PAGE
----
In most cases, the acupuncturist will treat the dog by inserting very thin needles along the animal’s bladder, kidney, and spleen meridians. The dog remains conscious, not under anesthesia, during the process.
The size of the needles and the exact locations of the meridians varies depending on the size of the dog and their ailment. Generally, practitioners use short needles — about half an inch long — on areas such as the head or face and use longer, one-inch needles elsewhere. In some cases, the needles may even be as long as two inches.
The needles themselves are solid but very flexible, and they should always sterilized in advance and discarded immediately after. When a trained and experienced practitioner — the only kind who should even attempt this — performs acupuncture, it’s an extremely safe procedure, and infection does not pose a significant risk.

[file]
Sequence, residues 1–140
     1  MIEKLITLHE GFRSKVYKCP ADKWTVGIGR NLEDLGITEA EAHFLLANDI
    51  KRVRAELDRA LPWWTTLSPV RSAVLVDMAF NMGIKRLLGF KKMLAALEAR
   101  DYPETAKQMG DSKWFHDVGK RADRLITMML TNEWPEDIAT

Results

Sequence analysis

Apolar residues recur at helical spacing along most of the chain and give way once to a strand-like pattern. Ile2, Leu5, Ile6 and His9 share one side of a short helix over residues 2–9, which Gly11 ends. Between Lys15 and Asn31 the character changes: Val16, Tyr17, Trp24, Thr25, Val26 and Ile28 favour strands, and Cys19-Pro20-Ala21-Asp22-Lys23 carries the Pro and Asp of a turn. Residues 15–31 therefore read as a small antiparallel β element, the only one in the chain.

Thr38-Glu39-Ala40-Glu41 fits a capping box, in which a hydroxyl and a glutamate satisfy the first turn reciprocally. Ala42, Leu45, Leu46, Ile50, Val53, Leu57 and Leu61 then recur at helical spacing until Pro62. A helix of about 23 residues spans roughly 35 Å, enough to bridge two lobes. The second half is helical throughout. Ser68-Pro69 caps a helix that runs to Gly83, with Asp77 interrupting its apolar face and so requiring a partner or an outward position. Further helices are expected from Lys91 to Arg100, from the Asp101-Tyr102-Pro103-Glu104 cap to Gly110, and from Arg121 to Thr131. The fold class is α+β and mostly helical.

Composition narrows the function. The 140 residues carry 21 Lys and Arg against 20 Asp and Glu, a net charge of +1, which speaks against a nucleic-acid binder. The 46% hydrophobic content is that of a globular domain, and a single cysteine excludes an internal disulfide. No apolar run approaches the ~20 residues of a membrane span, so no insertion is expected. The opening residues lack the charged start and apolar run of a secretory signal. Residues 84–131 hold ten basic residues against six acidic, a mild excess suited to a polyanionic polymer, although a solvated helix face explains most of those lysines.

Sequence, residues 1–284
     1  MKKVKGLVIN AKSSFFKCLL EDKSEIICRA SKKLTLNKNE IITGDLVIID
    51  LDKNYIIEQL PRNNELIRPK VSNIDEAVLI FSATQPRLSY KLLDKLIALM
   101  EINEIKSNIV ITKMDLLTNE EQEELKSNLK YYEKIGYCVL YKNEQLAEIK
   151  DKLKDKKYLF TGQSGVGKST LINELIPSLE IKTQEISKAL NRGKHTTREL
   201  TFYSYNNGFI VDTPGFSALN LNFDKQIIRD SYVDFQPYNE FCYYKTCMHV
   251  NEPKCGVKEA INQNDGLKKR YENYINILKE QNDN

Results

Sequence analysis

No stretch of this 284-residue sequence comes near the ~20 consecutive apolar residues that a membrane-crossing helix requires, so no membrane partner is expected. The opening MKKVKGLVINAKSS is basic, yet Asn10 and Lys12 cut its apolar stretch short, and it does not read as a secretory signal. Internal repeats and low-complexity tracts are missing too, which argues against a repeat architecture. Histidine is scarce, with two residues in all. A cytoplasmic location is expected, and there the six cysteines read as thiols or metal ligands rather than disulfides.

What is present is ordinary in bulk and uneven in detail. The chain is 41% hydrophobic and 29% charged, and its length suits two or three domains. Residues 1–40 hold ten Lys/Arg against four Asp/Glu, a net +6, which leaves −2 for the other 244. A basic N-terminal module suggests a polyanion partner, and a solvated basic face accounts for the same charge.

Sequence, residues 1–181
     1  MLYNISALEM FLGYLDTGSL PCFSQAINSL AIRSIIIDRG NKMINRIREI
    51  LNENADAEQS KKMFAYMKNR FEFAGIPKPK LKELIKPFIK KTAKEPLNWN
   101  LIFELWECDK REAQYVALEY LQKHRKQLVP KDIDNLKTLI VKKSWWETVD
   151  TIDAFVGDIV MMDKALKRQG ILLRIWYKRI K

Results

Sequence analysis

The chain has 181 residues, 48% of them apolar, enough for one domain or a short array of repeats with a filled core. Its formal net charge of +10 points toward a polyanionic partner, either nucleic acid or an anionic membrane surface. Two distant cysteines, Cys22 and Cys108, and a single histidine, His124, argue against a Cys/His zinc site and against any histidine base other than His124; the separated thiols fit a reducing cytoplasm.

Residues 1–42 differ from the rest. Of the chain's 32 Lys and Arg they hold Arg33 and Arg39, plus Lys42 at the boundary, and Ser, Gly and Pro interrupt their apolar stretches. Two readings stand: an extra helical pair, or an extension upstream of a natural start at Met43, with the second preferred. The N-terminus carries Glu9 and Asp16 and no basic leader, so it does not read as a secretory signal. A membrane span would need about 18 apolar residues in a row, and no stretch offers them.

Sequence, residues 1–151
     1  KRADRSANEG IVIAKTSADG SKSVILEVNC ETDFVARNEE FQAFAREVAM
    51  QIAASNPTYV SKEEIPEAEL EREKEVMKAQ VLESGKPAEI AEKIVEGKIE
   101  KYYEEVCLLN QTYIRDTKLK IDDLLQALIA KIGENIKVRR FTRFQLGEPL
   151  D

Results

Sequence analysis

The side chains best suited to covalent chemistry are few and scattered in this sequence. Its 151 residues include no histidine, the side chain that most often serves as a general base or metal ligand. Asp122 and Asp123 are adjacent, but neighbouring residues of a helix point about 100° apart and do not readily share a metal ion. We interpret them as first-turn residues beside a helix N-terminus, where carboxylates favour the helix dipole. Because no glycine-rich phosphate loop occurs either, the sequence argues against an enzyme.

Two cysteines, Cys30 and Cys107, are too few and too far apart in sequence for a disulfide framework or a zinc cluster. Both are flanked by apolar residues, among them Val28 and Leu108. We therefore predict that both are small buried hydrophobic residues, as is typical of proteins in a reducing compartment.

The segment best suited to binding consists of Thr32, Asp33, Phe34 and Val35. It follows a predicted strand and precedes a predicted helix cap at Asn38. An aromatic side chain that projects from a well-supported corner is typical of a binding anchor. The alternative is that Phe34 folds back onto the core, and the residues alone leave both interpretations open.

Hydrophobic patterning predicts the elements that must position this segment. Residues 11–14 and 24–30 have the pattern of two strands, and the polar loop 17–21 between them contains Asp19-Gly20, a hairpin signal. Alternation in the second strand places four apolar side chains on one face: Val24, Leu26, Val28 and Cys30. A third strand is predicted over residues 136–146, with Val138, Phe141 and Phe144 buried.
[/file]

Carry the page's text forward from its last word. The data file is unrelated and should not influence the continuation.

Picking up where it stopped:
Does It Hurt Your Dog?
Acupuncture shouldn’t hurt your dog. The insertion, manipulation, and removal of the needles may look odd. However, in the hands of a trained practitioner, your dog shouldn’t feel any pain at all.
In fact, most animals actually become very relaxed during a treatment; they may even become sleepy and yawn. The entire session may last just a few seconds or go on for as long as 30 minutes.
Some animals appear to feel worse for a day or two afterward, but that’s not the case for all dogs, and it doesn’t signal a problem unless your dog’s health is actually deteriorating.
It’s rare for the ailment to be fully “cured” in a single session, even a long one. You should prepare for four to eight weekly or biweekly sessions; although, you may see some positive response after the first treatment, and improvements are usually noticeable by the third.
Acupuncture shouldn’t be a lifelong commitment, even for chronic conditions like arthritis. You should see positive improvement in a matter of days or weeks. Once the problem is under control, the number and frequency of treatments should taper off.
Have you ever taken your dog for acupuncture treatments? Did they help your dog feel better? Let us know in the comments below!